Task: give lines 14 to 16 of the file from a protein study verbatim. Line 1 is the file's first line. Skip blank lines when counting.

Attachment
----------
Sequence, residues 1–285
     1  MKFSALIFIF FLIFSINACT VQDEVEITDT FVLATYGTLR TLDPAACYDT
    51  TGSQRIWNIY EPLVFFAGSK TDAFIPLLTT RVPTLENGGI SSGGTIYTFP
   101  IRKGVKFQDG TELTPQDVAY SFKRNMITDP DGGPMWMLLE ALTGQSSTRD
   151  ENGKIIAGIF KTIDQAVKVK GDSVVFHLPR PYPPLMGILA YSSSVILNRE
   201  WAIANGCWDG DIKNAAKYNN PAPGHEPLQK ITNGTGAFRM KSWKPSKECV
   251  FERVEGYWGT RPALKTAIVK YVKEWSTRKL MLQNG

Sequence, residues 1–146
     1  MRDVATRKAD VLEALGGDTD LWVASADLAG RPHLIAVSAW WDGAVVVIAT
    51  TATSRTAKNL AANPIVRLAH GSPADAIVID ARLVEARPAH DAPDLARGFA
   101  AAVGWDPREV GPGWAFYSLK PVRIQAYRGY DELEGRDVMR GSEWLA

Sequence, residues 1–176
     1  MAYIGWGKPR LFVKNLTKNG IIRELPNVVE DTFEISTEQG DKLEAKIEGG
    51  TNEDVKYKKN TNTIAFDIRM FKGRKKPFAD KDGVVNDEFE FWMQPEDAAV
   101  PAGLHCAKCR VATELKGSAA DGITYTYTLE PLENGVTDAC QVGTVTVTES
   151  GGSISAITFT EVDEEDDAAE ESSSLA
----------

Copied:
    51  TNEDVKYKKN TNTIAFDIRM FKGRKKPFAD KDGVVNDEFE FWMQPEDAAV
   101  PAGLHCAKCR VATELKGSAA DGITYTYTLE PLENGVTDAC QVGTVTVTES
   151  GGSISAITFT EVDEEDDAAE ESSSLA